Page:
“We aren’t using the ‘S’ word at our company anymore,” my friend announced, in response to my “How’s biz?” greeting.

“Really? Why not?” I asked.

“My service plumbers are offended by the ‘S’ word. I wouldn’t use the ‘S’ word even if I stepped right in it.”

“How do you pull that off?” I pressed. “What do you call it?”

“Service! Education! Communication! Anything but….SALES.”

He continued, “You see, the SALES word drives my plumbers crazy. They can’t stand to think of themselves as salesmen. The word SALES reminds them of Snake Oil, Sleaze Ball, and that other ‘S’ word.”

Can you relate to my friend? Do you like the idea of calling it something else? Do you HATE asking your plumbers to – gulp – make a SALE? Are you thinking, “Yeah, if we didn’t have to do the SALES part, I would really enjoy business!”?

Yes?

Well, get over it.

Sales Phobia: 1. A compulsive and persistent dread of or aversion to sales. 2. Any strong aversion or dislike of sales.

Sales is the name of the game. And by calling it something else you are just showing your Sales Phobia. Sales Phobia is a fatal disease. It will absolutely kill your business. Luckily, the condition isn’t incurable. This column will take a look at the causes of Sales Phobia. Then, I’ll show you how to get over it!

I am a recovering Sales Phobic. I exposed my resistance to sales at a planning meeting for Nexstar, a cool association of service contractors. I was helping the group develop a curriculum for their service managers’ training camp. I wanted to make sure that the curriculum covered all the roles a service manager assumes…technical trainer, inventory manager, fleet manager, customer service manager, scheduling manager, etc. The service manager, often also the owner in a small company, has a huge responsibility load.

One of the other members of the committee said, “The service manager has only one responsibility: sales. The service manager needs to look at every situation he encounters and ask, ‘Is this helping, or hindering, sales?’”

I was shocked. Certainly, the technical aspects of the job were as important as sales? What about making sure the trucks were in top shape? What about safety issues?

I argued, “Money isn’t the only thing, you know. There’s more to a business than making sales.”

His head whipped around. He fixed his eyes on mine. He took a deep breath and replied, “Unless a sale happens, none of those other things will happen. Sales have to be the top priority. Ellen, what is your problem with sales? I’m not talking about selling people things they don’t need. I am talking about solving problems, and charging a reasonable price. That’s all there is to sales. You’ve got an issue with sales. And you need to get over it.” There was disappointment in his voice.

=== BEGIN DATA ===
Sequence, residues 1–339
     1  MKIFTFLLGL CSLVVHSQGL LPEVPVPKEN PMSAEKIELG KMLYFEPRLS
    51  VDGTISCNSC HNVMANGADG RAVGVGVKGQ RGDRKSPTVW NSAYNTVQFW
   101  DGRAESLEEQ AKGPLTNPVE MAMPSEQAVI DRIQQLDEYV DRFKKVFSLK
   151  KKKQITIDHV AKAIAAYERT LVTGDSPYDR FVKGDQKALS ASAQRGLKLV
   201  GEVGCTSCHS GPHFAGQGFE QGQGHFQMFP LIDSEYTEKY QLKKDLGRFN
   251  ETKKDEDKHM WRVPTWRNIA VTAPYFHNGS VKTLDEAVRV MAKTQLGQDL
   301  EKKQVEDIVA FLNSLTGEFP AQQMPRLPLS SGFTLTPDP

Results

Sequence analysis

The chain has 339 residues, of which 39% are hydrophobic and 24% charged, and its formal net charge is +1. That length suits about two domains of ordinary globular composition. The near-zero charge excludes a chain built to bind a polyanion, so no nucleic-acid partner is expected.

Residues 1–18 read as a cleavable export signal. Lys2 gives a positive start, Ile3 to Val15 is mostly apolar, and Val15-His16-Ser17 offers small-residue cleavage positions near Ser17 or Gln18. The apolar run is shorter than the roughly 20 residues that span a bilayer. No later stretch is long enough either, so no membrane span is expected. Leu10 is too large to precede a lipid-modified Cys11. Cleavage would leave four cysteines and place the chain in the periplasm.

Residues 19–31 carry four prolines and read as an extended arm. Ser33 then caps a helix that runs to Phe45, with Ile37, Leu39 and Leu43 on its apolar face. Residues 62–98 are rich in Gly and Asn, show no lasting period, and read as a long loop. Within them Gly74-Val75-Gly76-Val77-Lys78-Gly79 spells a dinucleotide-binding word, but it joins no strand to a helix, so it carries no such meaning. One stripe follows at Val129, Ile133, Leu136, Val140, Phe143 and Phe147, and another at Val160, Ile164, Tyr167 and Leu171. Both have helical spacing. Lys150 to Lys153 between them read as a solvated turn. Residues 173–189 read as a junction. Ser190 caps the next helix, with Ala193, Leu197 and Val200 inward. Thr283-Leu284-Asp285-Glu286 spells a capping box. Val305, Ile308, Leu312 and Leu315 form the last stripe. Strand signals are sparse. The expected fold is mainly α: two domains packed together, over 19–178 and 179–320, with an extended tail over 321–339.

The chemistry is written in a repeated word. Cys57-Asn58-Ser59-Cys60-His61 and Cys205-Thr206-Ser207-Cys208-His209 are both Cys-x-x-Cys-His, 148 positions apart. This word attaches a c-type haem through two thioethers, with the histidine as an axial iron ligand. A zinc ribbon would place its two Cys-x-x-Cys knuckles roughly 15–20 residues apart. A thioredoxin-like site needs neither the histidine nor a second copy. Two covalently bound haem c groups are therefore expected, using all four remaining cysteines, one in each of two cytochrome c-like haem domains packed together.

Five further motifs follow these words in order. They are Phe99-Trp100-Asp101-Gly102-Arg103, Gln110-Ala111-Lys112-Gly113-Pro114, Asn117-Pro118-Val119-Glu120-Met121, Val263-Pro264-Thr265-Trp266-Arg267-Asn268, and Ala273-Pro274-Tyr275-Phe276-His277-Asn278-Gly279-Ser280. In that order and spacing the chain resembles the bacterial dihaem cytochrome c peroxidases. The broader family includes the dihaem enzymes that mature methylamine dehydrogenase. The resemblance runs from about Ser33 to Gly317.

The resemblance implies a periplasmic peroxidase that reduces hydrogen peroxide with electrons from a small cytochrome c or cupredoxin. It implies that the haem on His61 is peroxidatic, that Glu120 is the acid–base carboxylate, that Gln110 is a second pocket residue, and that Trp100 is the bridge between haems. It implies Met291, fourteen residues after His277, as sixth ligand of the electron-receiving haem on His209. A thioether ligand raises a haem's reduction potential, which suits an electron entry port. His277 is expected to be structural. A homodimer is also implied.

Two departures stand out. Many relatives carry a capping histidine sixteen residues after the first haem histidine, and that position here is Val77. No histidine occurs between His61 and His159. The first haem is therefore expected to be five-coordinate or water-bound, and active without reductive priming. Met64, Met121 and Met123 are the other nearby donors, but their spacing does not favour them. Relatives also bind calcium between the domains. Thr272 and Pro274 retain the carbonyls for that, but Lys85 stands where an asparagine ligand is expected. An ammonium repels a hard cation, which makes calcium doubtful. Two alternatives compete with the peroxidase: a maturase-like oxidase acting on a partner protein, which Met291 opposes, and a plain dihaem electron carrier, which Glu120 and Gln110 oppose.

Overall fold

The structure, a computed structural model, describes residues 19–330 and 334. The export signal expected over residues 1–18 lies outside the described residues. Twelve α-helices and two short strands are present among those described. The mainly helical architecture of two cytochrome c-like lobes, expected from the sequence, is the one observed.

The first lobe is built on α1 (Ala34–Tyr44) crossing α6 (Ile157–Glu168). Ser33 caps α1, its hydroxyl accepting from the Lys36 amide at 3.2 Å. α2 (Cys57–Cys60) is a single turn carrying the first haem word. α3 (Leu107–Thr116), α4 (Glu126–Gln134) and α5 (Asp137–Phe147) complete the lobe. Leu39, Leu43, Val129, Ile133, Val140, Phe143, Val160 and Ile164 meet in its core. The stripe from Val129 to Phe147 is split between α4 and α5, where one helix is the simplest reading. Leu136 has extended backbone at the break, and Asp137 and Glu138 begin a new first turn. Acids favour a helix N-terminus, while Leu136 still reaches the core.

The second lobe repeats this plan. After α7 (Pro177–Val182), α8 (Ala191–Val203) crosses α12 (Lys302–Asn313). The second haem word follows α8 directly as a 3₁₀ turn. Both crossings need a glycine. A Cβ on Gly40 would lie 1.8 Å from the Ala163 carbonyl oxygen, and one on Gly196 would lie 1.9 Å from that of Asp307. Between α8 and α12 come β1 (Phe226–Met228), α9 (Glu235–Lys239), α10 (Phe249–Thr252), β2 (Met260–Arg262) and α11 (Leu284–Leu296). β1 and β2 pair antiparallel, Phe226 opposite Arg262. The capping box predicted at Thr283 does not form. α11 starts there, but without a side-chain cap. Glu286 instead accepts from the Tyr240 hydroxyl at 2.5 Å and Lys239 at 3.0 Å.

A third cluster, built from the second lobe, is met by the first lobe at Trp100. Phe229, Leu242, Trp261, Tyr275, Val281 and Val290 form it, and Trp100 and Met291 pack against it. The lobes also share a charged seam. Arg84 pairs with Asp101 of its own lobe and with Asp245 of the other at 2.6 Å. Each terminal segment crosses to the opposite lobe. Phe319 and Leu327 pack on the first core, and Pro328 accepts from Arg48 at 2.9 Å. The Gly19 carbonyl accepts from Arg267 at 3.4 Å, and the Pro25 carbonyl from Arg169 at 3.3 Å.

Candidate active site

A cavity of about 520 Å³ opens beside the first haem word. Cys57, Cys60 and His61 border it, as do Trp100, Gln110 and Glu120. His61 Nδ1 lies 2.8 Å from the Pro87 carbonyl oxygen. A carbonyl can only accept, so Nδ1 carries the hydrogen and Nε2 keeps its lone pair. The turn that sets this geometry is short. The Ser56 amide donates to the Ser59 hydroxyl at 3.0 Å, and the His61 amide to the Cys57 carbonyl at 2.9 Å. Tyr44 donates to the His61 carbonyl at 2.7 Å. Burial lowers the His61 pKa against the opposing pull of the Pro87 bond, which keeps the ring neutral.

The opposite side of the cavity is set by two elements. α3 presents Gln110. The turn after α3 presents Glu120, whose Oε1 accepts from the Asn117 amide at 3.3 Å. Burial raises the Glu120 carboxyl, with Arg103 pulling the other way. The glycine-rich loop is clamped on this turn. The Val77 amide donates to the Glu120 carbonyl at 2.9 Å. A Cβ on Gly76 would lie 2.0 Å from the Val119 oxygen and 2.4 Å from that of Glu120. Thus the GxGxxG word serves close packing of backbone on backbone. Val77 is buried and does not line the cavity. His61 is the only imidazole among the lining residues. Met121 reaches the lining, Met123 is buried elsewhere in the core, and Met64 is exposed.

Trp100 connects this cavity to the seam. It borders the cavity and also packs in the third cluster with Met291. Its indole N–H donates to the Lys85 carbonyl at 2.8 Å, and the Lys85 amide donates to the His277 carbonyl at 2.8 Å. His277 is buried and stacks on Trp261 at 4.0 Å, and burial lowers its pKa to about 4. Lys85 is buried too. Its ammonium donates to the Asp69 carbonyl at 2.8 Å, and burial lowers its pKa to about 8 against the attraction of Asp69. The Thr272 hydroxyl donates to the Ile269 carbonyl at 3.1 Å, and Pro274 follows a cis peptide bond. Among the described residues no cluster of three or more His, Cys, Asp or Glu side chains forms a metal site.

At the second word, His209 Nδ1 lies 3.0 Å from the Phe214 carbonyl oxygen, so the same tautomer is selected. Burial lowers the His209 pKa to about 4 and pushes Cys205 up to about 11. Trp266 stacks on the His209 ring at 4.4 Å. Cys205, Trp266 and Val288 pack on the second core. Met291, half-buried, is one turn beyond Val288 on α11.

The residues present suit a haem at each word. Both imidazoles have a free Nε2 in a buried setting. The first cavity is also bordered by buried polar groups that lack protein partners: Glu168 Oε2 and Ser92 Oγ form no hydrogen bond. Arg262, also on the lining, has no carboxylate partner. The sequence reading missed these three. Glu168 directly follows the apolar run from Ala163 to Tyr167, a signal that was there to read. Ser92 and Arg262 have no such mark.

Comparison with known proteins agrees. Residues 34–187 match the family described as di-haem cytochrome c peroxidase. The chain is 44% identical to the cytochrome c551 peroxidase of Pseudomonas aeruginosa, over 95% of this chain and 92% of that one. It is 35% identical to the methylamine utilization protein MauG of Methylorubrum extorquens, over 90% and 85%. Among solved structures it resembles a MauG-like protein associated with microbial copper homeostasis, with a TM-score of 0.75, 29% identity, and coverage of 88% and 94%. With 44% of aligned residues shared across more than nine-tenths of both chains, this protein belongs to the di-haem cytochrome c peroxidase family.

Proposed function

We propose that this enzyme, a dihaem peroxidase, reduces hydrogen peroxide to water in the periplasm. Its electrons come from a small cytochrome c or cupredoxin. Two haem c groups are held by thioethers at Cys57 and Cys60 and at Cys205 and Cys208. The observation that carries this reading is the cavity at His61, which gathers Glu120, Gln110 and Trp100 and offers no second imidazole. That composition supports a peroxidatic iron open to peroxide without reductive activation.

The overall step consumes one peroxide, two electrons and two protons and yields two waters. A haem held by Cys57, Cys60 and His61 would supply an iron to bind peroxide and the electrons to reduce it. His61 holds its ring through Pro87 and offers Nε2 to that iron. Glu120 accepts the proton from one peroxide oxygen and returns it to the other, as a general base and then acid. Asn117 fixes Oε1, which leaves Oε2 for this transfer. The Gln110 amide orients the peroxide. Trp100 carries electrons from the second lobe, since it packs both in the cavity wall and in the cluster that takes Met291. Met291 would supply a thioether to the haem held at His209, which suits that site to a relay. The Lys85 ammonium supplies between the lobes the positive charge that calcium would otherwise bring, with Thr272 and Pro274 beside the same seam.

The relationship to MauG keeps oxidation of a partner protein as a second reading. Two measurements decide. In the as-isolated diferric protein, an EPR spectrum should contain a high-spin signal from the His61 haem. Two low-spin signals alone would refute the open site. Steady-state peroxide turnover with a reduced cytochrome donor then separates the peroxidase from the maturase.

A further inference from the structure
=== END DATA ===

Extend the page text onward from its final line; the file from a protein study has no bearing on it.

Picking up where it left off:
I was stunned. I was working as a saleperson for the group at the time! And I was clearly avoiding the ‘S’ word.

He was right. Sales is name of the game. That confrontation knocked some sense into me. I wondered at the reasons for my Sales Phobia. Certainly, I am not the only one eligible for a Twelve-Step program for recovering Sales Phobics. (“Hi, my name is Ellen R. and I am afraid of SALES!”) In his fabulous book, How To Sell At Prices Higher Than Your Competitors, Lawrence Steinmetz makes this observation…

“Many sales reps really don’t like selling. In fact, a lot of sales people think selling is just a notch above ambulance chasing. The truth is, more than 40 percent of the sales reps I’ve tested fundamentally don’t approve of selling – and my educated guess is that about 90 percent of our total population doesn’t approve of selling.”

Sheesh. If salespeople don’t approve of selling, and if 90% of all people don’t like it…is it any wonder that you and your plumbers would rather find another word for sales?

Why you are wimp about sales.

All phobias have a link to the truth. We dislike sales because we’ve had bad sales experiences. Remember the Alfred Hitchcock movie, Marnie? Tippi Hedren played Marnie, a neurotic woman with an unreasonable fear of the color red. Naturally, the dramatic conclusion of the movie reveals a horrible incident from her past: a blood soaked murder. Hence, the fear of RED! Basic psychology.

Our aversion to sales is linked to our past experiences with bad sales attempts. Once, I had to forcibly push an over-zealous window salesman out the door. He had been at my house for three hours before he announced he wasn’t leaving without a signed contract. Yikes! Certainly, you